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No, Pokemon Sword and Shield is not Using the 3DS Models

Gaming article by Robert Grosso on Saturday, July 13, 2019 - 12:24
News
Developer
Game Freak
Publisher
Nintendo
Release Date
November 15, 2019
Multiplayer modes
Online, Online Features
Platforms
Nintendo Switch
Monetization
One Time Purchase
Purchase (Some links may be affiliated)
Amazon nintendo.com

Game Freak has spoken once again about the state of Pokemon Sword and Shield to ease the concerns of fans over its presentation.

Pokemon Sword and Shield has been derided for having a lack of new graphics and animation by some fans, mostly due to the use of similar animations from the 3DS games and having lower-texture quality compared to some titles on the Nintendo Switch. Tied in with the anger over the lack of a National Pokedex in Sword and Shield, many online have accused Game Freak for being lazy in this regard, using the 3DS models and animations despite stating that part of the reason for not including the National Dex was for producing higher "fidelity and higher quality animations," according to Junichi Matsuda.

 

However, that has actually turned out to not be the case. A recent interview from Famitsu has revealed that the in-game models and animations were all built from scratch for Sword and Shield, which became a deciding factor to not include all Pokemon in the game through the National Dex.

According to Matsuda and Hitoshi Omori,  Pokemon Sun and Moon had a difficult time fitting every Pokemon into the game, and with over 1,000 different Pokemon - including form changes - already created, the decision for Sword and Shield was to make sure all of the selected Pokemon stand out with the games new graphics engine.

 

Game Freak essentially re-created every single Pokemon model for Sword and Shield and decided to follow previous animations from the 3DS for continuity's sake, and eliminated past features such as Mega Evolution to introduce new features such as Dynamaxing which has greater visual sizzle and creating a unique appearance for the first game on home consoles. Additionally, we don't know how they are creating the Dynamax models, whether it is a simple upscaling or if they are making all Dynamax models separately.

All that being said, acting as if the graphical improvement was the main reason for the elimination of the National Dex is misleading as well. In the first interview regarding the controversy, Matsuda specifically mentions that the games battle system is the primary driver for the decision.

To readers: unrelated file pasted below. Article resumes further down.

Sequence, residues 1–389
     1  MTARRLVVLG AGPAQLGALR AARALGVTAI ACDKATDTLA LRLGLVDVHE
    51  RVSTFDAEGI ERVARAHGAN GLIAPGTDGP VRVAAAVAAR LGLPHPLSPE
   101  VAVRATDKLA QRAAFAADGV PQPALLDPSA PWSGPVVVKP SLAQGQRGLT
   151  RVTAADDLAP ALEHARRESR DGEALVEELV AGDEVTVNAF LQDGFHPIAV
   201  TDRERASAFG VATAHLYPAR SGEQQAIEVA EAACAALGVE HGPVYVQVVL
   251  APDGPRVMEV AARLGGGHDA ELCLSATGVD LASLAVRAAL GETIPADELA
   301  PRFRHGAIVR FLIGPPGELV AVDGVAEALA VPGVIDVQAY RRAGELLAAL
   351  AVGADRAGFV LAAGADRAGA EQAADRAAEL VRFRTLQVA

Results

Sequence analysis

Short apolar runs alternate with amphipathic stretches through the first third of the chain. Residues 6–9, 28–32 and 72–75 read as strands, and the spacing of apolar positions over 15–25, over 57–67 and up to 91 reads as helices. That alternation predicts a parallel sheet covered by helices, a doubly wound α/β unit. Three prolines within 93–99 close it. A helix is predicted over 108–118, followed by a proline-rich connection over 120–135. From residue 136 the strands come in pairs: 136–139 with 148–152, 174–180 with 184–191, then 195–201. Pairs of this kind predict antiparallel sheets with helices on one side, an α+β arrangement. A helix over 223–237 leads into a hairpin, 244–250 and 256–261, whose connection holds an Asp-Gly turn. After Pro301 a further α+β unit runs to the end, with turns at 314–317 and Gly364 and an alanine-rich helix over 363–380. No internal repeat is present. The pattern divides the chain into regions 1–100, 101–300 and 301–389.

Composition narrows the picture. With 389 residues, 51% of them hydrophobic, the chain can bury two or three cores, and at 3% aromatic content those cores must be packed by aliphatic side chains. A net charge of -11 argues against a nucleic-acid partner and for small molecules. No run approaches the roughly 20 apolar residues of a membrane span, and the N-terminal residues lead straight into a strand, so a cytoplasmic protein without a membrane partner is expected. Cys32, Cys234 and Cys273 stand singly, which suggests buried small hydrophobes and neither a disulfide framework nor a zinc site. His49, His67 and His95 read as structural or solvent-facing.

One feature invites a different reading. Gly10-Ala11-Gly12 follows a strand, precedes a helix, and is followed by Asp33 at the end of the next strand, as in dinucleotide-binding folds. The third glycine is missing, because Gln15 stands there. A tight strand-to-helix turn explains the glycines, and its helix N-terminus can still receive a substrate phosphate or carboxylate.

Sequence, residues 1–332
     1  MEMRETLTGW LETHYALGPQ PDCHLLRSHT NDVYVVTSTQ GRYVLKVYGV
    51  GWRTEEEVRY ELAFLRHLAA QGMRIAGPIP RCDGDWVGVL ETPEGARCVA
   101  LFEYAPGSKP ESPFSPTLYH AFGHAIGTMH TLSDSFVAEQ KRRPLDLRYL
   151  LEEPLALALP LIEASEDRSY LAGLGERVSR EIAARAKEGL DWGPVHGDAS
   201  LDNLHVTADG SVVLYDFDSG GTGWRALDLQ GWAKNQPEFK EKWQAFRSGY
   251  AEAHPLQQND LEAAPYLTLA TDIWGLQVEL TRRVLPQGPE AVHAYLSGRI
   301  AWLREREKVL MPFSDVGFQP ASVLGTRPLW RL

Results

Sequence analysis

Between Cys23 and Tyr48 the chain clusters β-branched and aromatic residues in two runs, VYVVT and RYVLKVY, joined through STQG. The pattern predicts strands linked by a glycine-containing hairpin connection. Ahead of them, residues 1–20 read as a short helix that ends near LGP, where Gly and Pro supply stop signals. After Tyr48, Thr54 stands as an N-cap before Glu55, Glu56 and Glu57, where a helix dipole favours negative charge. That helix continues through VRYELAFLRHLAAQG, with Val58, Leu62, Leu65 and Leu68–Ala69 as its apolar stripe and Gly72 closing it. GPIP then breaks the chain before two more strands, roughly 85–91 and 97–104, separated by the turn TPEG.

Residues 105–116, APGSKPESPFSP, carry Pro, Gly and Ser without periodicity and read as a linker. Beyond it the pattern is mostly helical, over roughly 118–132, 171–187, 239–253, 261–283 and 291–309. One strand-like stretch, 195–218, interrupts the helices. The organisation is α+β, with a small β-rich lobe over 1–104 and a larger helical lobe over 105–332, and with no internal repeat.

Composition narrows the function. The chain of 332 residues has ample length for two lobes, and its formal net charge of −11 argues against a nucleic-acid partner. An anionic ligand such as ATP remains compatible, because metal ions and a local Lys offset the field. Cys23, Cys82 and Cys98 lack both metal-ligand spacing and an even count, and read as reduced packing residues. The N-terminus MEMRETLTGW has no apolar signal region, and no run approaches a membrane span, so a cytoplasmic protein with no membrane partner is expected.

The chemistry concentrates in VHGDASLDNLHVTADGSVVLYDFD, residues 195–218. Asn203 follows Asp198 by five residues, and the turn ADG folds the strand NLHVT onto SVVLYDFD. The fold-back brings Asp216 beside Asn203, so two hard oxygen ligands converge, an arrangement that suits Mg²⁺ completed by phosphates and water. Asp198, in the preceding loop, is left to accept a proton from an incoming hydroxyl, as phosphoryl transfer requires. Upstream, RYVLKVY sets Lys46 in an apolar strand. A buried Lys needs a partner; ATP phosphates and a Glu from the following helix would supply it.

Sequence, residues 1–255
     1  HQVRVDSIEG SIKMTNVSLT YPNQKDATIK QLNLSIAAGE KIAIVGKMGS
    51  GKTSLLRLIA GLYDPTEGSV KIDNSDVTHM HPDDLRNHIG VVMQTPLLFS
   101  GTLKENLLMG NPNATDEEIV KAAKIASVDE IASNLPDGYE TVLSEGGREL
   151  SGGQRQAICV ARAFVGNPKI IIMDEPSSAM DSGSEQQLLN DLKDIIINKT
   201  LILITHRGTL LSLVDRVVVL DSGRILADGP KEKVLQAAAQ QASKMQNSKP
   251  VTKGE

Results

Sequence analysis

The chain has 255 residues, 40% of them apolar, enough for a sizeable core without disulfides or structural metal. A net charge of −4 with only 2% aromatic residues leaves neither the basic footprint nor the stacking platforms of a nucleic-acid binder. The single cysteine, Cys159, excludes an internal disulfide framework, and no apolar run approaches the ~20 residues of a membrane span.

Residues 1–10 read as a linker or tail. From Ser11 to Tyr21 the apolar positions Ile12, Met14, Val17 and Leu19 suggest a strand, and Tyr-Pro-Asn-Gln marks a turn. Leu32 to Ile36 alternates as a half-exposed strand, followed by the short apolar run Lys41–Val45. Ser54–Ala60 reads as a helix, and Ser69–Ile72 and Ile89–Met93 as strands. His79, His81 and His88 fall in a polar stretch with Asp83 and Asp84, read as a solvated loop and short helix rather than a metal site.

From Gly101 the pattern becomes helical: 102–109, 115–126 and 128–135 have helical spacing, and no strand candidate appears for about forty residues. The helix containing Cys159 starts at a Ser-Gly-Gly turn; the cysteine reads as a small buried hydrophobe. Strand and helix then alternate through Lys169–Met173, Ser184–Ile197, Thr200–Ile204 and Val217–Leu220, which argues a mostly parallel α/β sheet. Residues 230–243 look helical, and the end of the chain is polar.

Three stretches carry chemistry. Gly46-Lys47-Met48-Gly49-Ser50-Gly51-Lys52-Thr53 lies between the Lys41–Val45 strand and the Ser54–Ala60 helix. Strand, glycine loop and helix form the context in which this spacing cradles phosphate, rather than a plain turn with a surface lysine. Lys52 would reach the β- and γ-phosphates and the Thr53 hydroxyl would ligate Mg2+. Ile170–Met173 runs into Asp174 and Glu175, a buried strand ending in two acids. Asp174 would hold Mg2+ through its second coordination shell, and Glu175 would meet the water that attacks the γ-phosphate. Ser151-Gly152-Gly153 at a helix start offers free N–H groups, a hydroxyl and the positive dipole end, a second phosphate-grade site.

"We already have well over 800 Pokemon species, and there's going to be more added in these games. And now that they're on the Nintendo Switch, we're creating it with much higher fidelity with higher quality animations. But even more than that, it's coming down to the battle system. We're making sure we can keep everything balanced and give all the Pokemon that appear in the games a chance to shine."
Pokemon's battle system has been criticized for years for its lack of balance, with many to deride the homogeneity of competitive play at VGC each year featuring a small roster of Pokemon on every team. Game Freak has also removed Pokemon from competitive play before; going back as far as Generation 5, several seasons of VGC have had restricted dex's for a few years before opening up competitive play to all Pokemon, including legendaries.

Game Freak has also not ruled out the possibility of adding Pokemon into the game later as well, and that going forward, they will explore future graphical upgrades for future titles.

Pokemon Sword and Shield will release on November 15th for the Nintendo Switch.

What are your thoughts on this? Leave your comments below. 

About the Author

Self Photo Holding Beer

Robert Grosso

Staff Writer

A game playing, college teaching scholar who happens to write some articles every so often. Enjoys penning long-form articles that few probably read. Love the art of gaming, preservation, collecting and RPGs. Have worked as a journalist, critic, educator and blogger for over ten years now, with articles published (as user editorials) on Game Revolution and Giant Bomb as well as a contributor for the websites Angry Bananas and Blistered Thumbs. Now making TechRaptor my home.